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The seroprevalence of severe acute respiratory syndrome-coronavirus-2 (SARS-CoV-2) IgG antibody was evaluated among employees of a Veterans Affairs healthcare system to assess potential risk factors for transmission and infection.
All employees were invited to participate in a questionnaire and serological survey to detect antibodies to SARS-CoV-2 as part of a facility-wide quality improvement and infection prevention initiative regardless of clinical or nonclinical duties. The initiative was conducted from June 8 to July 8, 2020.
Of the 2,900 employees, 51% participated in the study, revealing a positive SARS-CoV-2 seroprevalence of 4.9% (72 of 1,476; 95% CI, 3.8%–6.1%). There were no statistically significant differences in the presence of antibody based on gender, age, frontline worker status, job title, performance of aerosol-generating procedures, or exposure to known patients with coronavirus infectious disease 2019 (COVID-19) within the hospital. Employees who reported exposure to a known COVID-19 case outside work had a significantly higher seroprevalence at 14.8% (23 of 155) compared to those who did not 3.7% (48 of 1,296; OR, 4.53; 95% CI, 2.67–7.68; P < .0001). Notably, 29% of seropositive employees reported no history of symptoms for SARS-CoV-2 infection.
The seroprevalence of SARS-CoV-2 among employees was not significantly different among those who provided direct patient care and those who did not, suggesting that facility-wide infection control measures were effective. Employees who reported direct personal contact with COVID-19–positive persons outside work were more likely to have SARS-CoV-2 antibodies. Employee exposure to SARS-CoV-2 outside work may introduce infection into hospitals.
To examine the use of vitamin D supplements during infancy among the participants in an international infant feeding trial.
Information about vitamin D supplementation was collected through a validated FFQ at the age of 2 weeks and monthly between the ages of 1 month and 6 months.
Infants (n 2159) with a biological family member affected by type 1 diabetes and with increased human leucocyte antigen-conferred susceptibility to type 1 diabetes from twelve European countries, the USA, Canada and Australia.
Daily use of vitamin D supplements was common during the first 6 months of life in Northern and Central Europe (>80 % of the infants), with somewhat lower rates observed in Southern Europe (>60 %). In Canada, vitamin D supplementation was more common among exclusively breast-fed than other infants (e.g. 71 % v. 44 % at 6 months of age). Less than 2 % of infants in the USA and Australia received any vitamin D supplementation. Higher gestational age, older maternal age and longer maternal education were study-wide associated with greater use of vitamin D supplements.
Most of the infants received vitamin D supplements during the first 6 months of life in the European countries, whereas in Canada only half and in the USA and Australia very few were given supplementation.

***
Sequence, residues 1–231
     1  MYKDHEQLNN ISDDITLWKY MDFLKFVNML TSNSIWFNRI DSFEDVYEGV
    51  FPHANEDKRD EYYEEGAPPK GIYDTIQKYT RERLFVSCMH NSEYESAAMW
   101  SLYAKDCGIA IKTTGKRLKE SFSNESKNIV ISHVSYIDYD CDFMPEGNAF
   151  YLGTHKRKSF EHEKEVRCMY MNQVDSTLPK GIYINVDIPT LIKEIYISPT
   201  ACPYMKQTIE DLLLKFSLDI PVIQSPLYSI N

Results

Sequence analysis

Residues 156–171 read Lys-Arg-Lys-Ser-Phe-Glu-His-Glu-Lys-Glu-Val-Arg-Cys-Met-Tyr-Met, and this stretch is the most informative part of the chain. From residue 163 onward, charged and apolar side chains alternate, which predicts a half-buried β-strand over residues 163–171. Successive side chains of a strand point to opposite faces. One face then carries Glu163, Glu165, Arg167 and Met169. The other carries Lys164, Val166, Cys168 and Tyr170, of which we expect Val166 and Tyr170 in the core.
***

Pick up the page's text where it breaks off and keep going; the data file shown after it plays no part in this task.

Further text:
In the past few decades, developments in molecular biology and genetics have contributed a new dimension to the study of evolutionary systematics and socioecology. This has led to the creation of several new fields of research, including ‘molecular systematics’ and ‘molecular ecology.’ The study of molecular systematics applies methods of genetic analysis to such problems as: examining taxonomic relationships on a molecular level; identifying molecular phylogenies among taxa; and estimating the time of these taxa's most recent common ancestor. Molecular data can also be compared with morphological and behavioral data to gain a more comprehensive understanding of evolutionary genetics and phylogenetic relationships. The relatively new field of molecular ecology utilizes methods of DNA analysis to address questions about behavioral ecology, evolution, and conservation through direct measures of relatedness and genetic variability. Genetic analysis is now commonly used to describe social structure and dispersal patterns, to verify mating systems, and to identify and census individuals in a population (Sunnucks 2000). Similarly, behavioral ecologists can better understand aspects of social dynamics, such as the evolution of altruism through kin selection (Hamilton 1964), by combining direct observational data from the field with DNA analysis of relatedness in the laboratory.
The earliest molecular studies of chimpanzees sought to understand the degree of similarity and difference among humans and apes. Goodman (1962) examined the immunological properties of the albumin protein in apes and found that chimpanzees, gorillas, and humans showed a strong degree of similarity to the exclusion of orangutans and gibbons.
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